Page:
Jul 18

USS SCORPION PROJECT 2011 Day By Day: Week One

Monday, July 18, 2011 9:15 AM

Wednesday- 6 July 2011 

Today, the Naval History and Heritage’s Command’s Underwater Archaeology Branch (UAB) began mobilization for Phase II of the USS Scorpion Project. This collaborative project brings together the UAB, the Maryland Historic Trust (MHT), and the Maryland State Highways Administration (MSHA) for the purposes of archaeologically investigating the remains of the War of 1812 block sloop Scorpion. Under the direction of Drs. Robert Neyland (UAB), Susan Langley (MHT), and Julie Schablitsky (MSHA), field work was initiated in the summer of 2010, which included a remote sensing survey and hydro-probe testing to locate the shipwreck, followed by limited test excavation to expose portions of the ship itself. The team returns to the upper Patuxent River to expand on the work completed the previous year and continue exploring this important piece of US maritime history.

The first step of mobilization included assembling and transporting the operations platform up the river to the project area. Given that site has no direct land access, a floating work station adjacent to the wreck is necessary to allow researchers a place to coordinate and execute diving operations; research personnel will be transported to and from the site each day by boat. The floating platform will also serve as an in-field conservation lab in the event small artifacts are recovered during excavations. The research team was aided in this endeavor by the U.S. Navy’s Supervisor of Salvage and Diving (SUPSALV), who assembled the barges together and lifted them into the water. Once floating and docked, SUPSALV outfitted the platform with supplies needed for the excavation. 

 

Moving the Barge Upstream to the Scorpion Site

Thursday- 7 July 2011

Day two of mobilization began with transporting the operations platform to the wreck site. With the help of a large tow boat, courtesy of SUPSALV, and the assistance of U.S. Navy Divers, the crew pushed the immense structure upriver to the wreck site. Upon reaching the site, which took approximately two hours, SUPSALV secured the barges to the riverbed using barbed metal poles, or “spuds”, and large Danforth anchors.

Over a meter’s worth of alluvial overburden and debris cover the Scorpion wreck site. This layer of organic material must be properly removed in order to access the historical layers of deposition deep within the river. Instead of exhausting the dredged material straight downriver, which could have a potentially significant environmental impact, it will be pumped into a sediment curtain placed just downstream of the site. A sediment curtain is an in-water containment unit that consists of flotation devices that sit on top of the water with long curtains on each of its sides extending down to the riverbed. Navy Divers assembled the curtain and moved it to its desired location downstream of the wreck site with the help of their dive vessel. Once in place, the divers secured the curtain to the riverbed using a combination of heavy anchors and rods, and made sure all points were thoroughly fixed to the bottom.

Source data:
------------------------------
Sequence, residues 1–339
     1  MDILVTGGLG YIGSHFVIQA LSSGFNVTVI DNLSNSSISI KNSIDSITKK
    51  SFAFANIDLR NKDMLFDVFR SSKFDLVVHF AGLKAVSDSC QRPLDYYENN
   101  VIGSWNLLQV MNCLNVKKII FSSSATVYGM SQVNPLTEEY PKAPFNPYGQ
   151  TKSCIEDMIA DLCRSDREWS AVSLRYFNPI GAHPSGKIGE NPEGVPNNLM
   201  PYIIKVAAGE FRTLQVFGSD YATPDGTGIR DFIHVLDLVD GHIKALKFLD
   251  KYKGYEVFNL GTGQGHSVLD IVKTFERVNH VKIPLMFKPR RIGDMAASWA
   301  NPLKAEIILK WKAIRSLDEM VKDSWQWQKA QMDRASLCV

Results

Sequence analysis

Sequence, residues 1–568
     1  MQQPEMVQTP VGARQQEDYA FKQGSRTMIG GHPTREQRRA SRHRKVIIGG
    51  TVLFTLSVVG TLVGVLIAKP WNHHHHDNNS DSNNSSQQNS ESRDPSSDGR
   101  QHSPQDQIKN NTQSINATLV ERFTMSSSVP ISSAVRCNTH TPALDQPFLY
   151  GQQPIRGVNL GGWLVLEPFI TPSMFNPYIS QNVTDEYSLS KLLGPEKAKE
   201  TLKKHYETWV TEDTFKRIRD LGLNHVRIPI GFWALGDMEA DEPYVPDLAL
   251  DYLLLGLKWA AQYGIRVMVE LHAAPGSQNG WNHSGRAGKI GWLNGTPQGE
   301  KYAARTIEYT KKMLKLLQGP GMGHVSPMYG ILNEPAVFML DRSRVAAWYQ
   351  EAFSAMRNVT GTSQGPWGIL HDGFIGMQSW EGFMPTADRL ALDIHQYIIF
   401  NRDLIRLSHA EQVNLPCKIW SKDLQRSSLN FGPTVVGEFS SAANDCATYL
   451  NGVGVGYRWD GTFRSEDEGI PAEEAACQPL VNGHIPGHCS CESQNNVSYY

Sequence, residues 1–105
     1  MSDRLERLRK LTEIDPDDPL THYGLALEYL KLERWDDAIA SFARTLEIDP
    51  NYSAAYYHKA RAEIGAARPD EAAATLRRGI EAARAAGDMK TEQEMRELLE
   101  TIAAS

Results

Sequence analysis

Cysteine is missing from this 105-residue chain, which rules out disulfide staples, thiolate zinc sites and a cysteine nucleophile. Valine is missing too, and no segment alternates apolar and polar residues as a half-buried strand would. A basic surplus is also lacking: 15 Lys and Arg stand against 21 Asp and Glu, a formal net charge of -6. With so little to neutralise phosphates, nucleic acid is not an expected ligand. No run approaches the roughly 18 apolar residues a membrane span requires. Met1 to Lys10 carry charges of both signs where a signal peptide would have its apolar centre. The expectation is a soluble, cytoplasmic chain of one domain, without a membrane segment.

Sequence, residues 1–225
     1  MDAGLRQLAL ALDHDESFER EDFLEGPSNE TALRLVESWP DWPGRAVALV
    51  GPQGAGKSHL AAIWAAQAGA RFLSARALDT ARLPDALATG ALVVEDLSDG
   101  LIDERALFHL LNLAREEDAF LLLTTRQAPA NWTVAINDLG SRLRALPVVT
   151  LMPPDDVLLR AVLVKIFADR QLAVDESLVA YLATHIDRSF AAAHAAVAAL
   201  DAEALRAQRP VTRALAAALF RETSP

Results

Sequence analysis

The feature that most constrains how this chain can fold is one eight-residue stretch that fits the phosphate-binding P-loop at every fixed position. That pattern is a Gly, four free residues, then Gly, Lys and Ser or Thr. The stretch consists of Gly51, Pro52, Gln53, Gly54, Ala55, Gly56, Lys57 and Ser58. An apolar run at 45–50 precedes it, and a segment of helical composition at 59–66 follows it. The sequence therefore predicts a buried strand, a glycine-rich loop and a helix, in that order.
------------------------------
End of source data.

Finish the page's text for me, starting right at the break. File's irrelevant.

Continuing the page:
Navy Divers Working to Place the Sediment Curtain

Friday- 8 July 2011 

Today had a very lively start as the USS Scorpion Project’s principal investigators were interviewed by a film crew from PBS Maryland. Drs. Robert Neyland (UAB), Susan Langley (MHT), and Julie Schblitsky (MSHA) answered questions for a forthcoming documentary highlighting the archaeological investigations of the shipwreck. The project heads were asked a variety of question relating to the identity of the wreck, the proposed method of excavation, and future plans for the site.

While filming took place, the Navy Divers assembled large square aluminum shoring boxes near the dock at Wayson’s Corner. These boxes are meant to protect divers from the constantly shifting river bottom and prevent excavation units from refilling with sediment once dredging operations begin. Before the shoring boxes can be placed, a footprint must be cleared in the overburden layer so that the box has a solid foundation to sit on. From there, divers will slowly investigate the contents contained within the box as they excavate deeper and deeper into riverbed toward the wreck. 

Saturday- 9 July 2011 

Archaeologists determined primary objectves for the day included laying a site baseline and removing overburden. The baseline, which runs longitudinally over the centerline of the shipwreck and is graduated in imperial units, serves as a reference point for researchers throughout the course of excavations. The ends of the baseline will be marked with GPS and geo-referenced into the surrounding environment, so that the crew knows exactly where they are in the river. The team chose the location of the baseline after reviewing extensive remote sensing and hyrdo-probe data collected in the weeks preceding the project.

While the baseline was being set, the Navy Divers investigated a magnetic anomaly to the northeast of the wreck that appeared on the remote sensing survey. Using a hand-held magnetometer and a probe, divers encountered a hard contact several feet beneath the river bottom. Tentatively identified as either metal or stone, this unknown target may prove to be part of the flagship Scorpion.

With excavation planned for next week, the upcoming days are sure to be busy and exciting… stay tuned!

 
 
 
  • Jim Valle

    Given the wreck’s environment it sounds like the divers will be working in absolute zero visibility with water tempreatures approaching that of tepid soup! it’s not unusual but it’s not pleasant either. Good luck guys!